Both of the mentioned methods can assist with discovering the natural frequencies of a pump. Once the frequencies have been identified on the pump; the proper corrections can be made to make certain that the pump is not operating on a resonance frequency.
Learn more about our Condition Monitoring tools

by Dave Leach CRL CMRT CMRP

First and foremost vibration data setups must be properly configured to allow the correct results to be collected thus allowing the analyst to interpret the vibration data for defects. The defect findings should be presented in a manner that the personnel that are responsible for the repair of the equipment now have the necessary information to perform their intended function. The vibration data alone will not fix anything. A vibration database must have the proper setups, the vibration data must be collected correctly using the appropriate instrument, and analyzed by a properly trained and confident analyst. This allows for the root cause of the problem to be found as opposed to only replacing parts. It is very critical that the correct person becomes the vibration analyst. This person should have the desire and drive to become the best that they can become at that position. The analyst should also have support from upper management to allow them to focus on the one job. With the right people, right tools, and support you will have the meaningful data to drive and sustain valuable results and continuous improvement.

by Gary James CRL

Strobe lights are an inexpensive tool typically used to determine the operational speed of equipment. Strobe lights should be readily available to vibration analysts and maintenance mechanics. A strobe can be used as a proactive tool for many things. For example, visual inspection of belt damage (slippage, wear, etc), coupling damage, loose components and much more can be identified with this handy tool, while the equipment is running. Don’t overlook the value a strobe light can provide beyond just the simple determination of operational speed of a machine. But keep two things in mind: SAFETY must be first and foremost in your mind at all times when using a strobe light. Since a strobe can appear to “stop motion” on moving components, the temptation to touch the object you are looking at can be strong at times. Avoid this temptation and always stay focused on what you are doing. Also, people prone to epileptic seizures triggered by flashing lights should avoid exposure to strobe light.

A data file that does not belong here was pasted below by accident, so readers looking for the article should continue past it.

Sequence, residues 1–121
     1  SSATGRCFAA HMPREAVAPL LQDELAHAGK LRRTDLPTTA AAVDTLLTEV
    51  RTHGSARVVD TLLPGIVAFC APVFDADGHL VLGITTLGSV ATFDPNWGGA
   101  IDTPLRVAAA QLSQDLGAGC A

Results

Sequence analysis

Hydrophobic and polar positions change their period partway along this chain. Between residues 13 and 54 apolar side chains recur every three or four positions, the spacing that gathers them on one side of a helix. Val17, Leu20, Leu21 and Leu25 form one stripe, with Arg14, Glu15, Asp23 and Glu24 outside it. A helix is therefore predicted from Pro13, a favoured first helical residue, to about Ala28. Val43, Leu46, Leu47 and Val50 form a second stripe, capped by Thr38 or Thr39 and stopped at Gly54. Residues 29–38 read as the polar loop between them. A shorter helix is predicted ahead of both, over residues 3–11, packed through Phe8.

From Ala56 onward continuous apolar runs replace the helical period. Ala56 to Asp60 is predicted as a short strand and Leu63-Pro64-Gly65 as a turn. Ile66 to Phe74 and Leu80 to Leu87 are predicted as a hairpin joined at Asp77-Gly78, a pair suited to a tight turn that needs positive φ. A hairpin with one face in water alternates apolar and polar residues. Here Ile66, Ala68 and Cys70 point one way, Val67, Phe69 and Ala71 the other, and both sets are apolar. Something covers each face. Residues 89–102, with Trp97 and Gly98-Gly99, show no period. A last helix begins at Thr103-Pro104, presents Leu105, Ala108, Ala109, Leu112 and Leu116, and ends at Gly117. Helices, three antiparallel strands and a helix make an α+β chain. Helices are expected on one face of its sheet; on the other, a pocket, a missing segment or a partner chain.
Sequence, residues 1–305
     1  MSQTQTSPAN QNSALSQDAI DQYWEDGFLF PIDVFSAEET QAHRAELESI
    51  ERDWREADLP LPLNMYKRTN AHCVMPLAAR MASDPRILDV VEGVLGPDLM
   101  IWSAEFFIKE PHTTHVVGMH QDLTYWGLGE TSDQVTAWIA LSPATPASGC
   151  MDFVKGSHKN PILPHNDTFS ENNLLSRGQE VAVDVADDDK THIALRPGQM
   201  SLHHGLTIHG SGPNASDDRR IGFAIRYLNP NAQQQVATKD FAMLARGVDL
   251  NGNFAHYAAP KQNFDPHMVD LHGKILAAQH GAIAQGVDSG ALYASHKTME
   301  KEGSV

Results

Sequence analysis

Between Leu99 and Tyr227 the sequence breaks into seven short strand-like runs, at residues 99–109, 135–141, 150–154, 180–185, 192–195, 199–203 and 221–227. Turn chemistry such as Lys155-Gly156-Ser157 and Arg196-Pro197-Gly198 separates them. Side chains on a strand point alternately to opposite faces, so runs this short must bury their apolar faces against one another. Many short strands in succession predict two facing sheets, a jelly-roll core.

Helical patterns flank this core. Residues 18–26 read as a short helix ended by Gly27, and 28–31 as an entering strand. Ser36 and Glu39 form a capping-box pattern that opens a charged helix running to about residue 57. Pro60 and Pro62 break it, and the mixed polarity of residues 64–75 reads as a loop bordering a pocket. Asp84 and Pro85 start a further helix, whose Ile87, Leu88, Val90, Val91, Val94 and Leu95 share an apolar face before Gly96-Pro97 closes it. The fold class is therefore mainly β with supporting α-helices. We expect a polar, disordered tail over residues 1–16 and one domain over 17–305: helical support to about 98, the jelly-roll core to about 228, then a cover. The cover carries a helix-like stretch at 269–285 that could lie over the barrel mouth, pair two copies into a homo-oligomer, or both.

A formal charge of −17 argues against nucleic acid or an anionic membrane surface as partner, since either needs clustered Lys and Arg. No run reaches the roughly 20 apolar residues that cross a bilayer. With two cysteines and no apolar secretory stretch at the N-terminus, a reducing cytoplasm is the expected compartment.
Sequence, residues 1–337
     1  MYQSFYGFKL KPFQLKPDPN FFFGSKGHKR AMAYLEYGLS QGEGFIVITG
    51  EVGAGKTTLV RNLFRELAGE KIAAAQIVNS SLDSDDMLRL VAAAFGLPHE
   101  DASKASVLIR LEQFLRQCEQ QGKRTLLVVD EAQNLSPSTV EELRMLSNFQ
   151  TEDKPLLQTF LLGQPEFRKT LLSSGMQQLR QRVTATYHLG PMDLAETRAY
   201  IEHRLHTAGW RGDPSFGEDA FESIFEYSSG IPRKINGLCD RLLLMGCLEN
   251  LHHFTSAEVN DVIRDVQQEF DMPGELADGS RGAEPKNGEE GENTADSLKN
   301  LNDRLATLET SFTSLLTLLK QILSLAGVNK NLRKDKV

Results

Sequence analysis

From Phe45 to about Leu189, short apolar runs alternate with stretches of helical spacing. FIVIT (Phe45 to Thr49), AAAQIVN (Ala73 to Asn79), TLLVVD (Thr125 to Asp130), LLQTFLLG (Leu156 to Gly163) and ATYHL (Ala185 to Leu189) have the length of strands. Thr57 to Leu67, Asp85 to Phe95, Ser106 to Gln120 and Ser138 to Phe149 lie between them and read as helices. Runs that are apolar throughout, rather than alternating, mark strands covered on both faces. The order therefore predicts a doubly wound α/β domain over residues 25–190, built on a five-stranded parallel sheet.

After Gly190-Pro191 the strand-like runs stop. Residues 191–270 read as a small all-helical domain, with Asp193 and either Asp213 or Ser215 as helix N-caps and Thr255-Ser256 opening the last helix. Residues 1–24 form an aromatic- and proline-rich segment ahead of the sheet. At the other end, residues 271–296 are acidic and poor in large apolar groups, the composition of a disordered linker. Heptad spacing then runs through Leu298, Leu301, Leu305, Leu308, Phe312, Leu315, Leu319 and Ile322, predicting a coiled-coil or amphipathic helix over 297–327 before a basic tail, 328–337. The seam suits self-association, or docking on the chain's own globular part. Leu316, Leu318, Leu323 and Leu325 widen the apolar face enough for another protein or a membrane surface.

by Trent Phillips CRL CMRP - Novelis

As Published by COMPRESSORtech2 Magazine October 2016 issue
by Karl Hoffower – Condition Monitoring and Reliability Expert for Failure Prevention Associates

Combining ultrasound and vibration sensing adds precision to recip valve analyses

Over the past decade, ultrasonic condition monitoring of reciprocal compressor valves has become more widely known. However, it does not seem to be widely used.
Ultrasonic testing measures high-frequency sound waves, well above the range of human hearing. These ultrasound devices record the high-frequency signals for analysis later. Trending valve cap temperatures is the most common condition monitoring technique for monitoring
compressor valve health.
Ultrasonic testing of compressor valves and vibration monitoring of rotating components are an informative, preventative-maintenance practice. Compressor valve deficiencies with opening, closing or leaking may be diagnosed using the ultrasound recording functions.
Steven Schultheis, a Shell Oil Co. engineer, addressed the issue in a paper presented at the 36th Turbomachinery Symposium in Houston in 2007.
“Trending valve temperatures have proven to be valuable in identifying individual valve problems, but are most effective if the measurement is made in a thermowell in the valve cover.” Schultheis wrote. “Ultrasound has proven to be the preferred approach to analysis of valve condition.”
Failure Prevention Associates completed an experiment with a major midstream gas transmission company to see if this type of condition monitoring tool can effectively find fault conditions well before other technology used.
Ultrasound meters (such as the SDT270 from SDT Ultrasound Solutions) have digital readouts that indicate the level of ultrasound detected. These devices have been used for decades to “hear” air, gas and vacuum leaks. The intensity or amplitude of the signal is expressed in decibels — microvolts. (dB[A] μV). The dB(A) is a common intensity unit for sound intensity; μV designates the engineering reference unit being used with a piezoelectric sensor.
Converting an airborne ultrasound detector with a contact sensor allows a technician to monitor what is happening inside a machine, whether it is a bearing, steam trap, or valve.
Ultrasound detectors are designed operate in a specific and narrow frequency band. Then through “heterodyning” step high frequency sounds down into an audible format that the technician can hear though headphones. During the heterodyning process the quality and characteristic of the original ultrasound signal is preserved.
Read full article complementary-condition-monitoring-boosts-reliability-article

by Yolanda Lopez

As Published by Maintenance Technology Magazine August 2016 issue

Clinging to a single approach that made economic sense for your plant ‘back in the day’ could be an expensive strategy.”